When the Philadelphia 76ers signed free agent Nick Young, the reaction was mixed. However, it should be recognized that the Philadelphia front office got it right (I know, I'm shocked just as much as you are) by inking Young to a one-year, six million deal.
Young, who is just 27 years old, is a premier shooter from both mid and long range, and he will certainly fill the void of recent departure Lou Williams.
Despite the vague plan the Sixers have, bringing in Young was a smart signing, and nonetheless, a steal.
Young is just 27 years old and joining a young Philly squad that could be where he fits.
Although he's not super young, he still has potential to be a consistent scorer. He proved he was capable of this in Washington just two seasons ago when he averaged 17.4 points per game.
After being flipped to Los Angeles for half of what was already a shortened season, Young never really got the chance to settle and get in his groove.
Also considering the Sixers flourish in the transition game, Young can run the floor with their young players and pick up points on the fast break.
The talent and athleticism is all there. It just seems that Young has yet to be in an environment that favors him and Philadelphia could very well be it.
Usually solely known for his stellar offensive ability, Young is an underrated defender.
Measuring at 6' 7" and with a startling seven-foot wingspan, Young is an extremely effective defender against atypical two-guards with such a substantial size advantage.
A good thing about Young is that he does not need the ball in his hands the way a lot of players do.
What I mean by this is he does not need to be a primary facilitator and spread the ball around like Jrue Holiday, Evan Turner and Andre Iguodala in the case of the Sixers. Young will not interfere with Holiday and Turner's growth in spreading the ball around.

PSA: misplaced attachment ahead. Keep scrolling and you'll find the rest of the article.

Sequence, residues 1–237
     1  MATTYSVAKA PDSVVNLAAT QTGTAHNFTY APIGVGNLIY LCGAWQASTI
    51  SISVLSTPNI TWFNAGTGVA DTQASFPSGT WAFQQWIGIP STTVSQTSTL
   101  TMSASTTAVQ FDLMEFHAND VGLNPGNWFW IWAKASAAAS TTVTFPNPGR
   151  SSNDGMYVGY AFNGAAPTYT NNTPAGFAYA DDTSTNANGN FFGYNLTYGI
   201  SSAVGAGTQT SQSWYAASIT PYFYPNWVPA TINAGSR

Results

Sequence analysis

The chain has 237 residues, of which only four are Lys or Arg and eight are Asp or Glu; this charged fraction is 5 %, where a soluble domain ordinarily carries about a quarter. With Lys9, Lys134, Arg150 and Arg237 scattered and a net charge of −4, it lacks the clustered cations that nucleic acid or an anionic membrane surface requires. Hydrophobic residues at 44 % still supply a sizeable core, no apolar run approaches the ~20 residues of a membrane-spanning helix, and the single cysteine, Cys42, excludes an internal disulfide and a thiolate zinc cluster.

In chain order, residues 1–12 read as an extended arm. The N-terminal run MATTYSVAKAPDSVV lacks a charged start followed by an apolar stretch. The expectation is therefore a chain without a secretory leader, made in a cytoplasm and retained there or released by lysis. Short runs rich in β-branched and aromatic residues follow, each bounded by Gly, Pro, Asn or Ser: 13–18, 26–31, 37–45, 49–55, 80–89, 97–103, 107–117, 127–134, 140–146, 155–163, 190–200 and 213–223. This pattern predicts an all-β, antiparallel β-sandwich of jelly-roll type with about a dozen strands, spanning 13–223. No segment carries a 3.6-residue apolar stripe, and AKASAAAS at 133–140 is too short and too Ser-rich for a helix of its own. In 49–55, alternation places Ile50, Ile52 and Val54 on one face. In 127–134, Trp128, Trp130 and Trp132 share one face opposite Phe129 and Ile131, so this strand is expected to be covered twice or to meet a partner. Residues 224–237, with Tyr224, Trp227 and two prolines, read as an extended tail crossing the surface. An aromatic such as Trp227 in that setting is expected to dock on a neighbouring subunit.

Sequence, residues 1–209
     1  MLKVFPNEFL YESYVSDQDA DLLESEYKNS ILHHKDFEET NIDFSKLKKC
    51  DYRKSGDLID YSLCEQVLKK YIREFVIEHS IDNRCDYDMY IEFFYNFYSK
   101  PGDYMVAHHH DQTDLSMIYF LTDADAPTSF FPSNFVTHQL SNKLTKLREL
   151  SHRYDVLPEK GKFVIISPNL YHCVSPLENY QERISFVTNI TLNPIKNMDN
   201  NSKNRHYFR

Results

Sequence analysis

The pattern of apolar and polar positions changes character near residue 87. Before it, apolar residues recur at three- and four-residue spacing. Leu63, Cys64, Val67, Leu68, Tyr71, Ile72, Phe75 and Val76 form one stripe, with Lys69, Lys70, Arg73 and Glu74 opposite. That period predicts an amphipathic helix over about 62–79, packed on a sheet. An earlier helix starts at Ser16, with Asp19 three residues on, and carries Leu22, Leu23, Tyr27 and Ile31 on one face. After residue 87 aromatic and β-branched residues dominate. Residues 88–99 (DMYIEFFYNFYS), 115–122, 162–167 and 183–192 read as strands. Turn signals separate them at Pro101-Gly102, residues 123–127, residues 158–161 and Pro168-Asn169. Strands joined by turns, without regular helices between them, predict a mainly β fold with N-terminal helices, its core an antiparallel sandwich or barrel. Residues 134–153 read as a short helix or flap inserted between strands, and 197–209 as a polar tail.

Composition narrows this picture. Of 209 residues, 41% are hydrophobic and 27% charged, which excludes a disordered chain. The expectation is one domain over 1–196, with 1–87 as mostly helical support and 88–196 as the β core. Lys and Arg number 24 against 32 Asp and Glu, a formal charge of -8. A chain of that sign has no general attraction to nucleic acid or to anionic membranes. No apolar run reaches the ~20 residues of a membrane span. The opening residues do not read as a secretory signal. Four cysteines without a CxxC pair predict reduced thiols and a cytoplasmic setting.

Instead, he can work off screens to settle for jump shots and work along on the perimeter.
Philadelphia knew from the start that Williams was not coming back and replacing him was a must for the offseason. Not to mention, they also lost three-point specialist Jodie Meeks.
When looking at the entire free-agent class, Young was easily one of the best shooters.
In fact, he shot a solid 37 percent from three-point range (he's shot higher than 40 in the past) and also shot 40 percent from the field.
Other options on the free-agent market included Jamal Crawford and O.J. Mayo. A 32-year-old and a player who has yet to live to potential and wants to change his position (via Tim MacMahon of ESPNDallas/Fort Worth)? Uh, yeah. No thanks. I'll pass on them. Young was easily the best option of the three.
Young will provide the Sixers with a great scoring spark, especially while coming off the bench.
The Sixers have always lacked a player who can just flat-out score. Although Young is not a No. 1 guy, he can score at will and provide that ability.
He averaged 17.4 points per game just two seasons ago and 14.6 last year. Young has the size and athleticism to get by defenders in effort to create his own shot or get to the rim.
The ability to come off the bench and swing the game in the Sixers' favor by shooting lights out is something Young is capable to do.
This really explains how this was such a low-risk/high-reward transaction. If Young plays great, he's easily regarded as a steal, considering the Sixers did not invest a lot in him.
Because Young has a reputation of not being a team player and sometimes bringing a bad attitude to the court, this one-year deal is really a "prove it" contract. If Young wants to stay, he needs to show that he's worthy.
The worse-case scenario is he doesn't play at a high level, brings a bad attitude and the Sixers do not bring him back for another season. There's not a lot of commitment here.
Plus, it's not like the Sixers are contending for a title next year, so there is really nothing to lose.
If there's any coach in the league to fix a player's motor, it's Doug Collins, and when he's working to stay on the team, he's going to give it his all.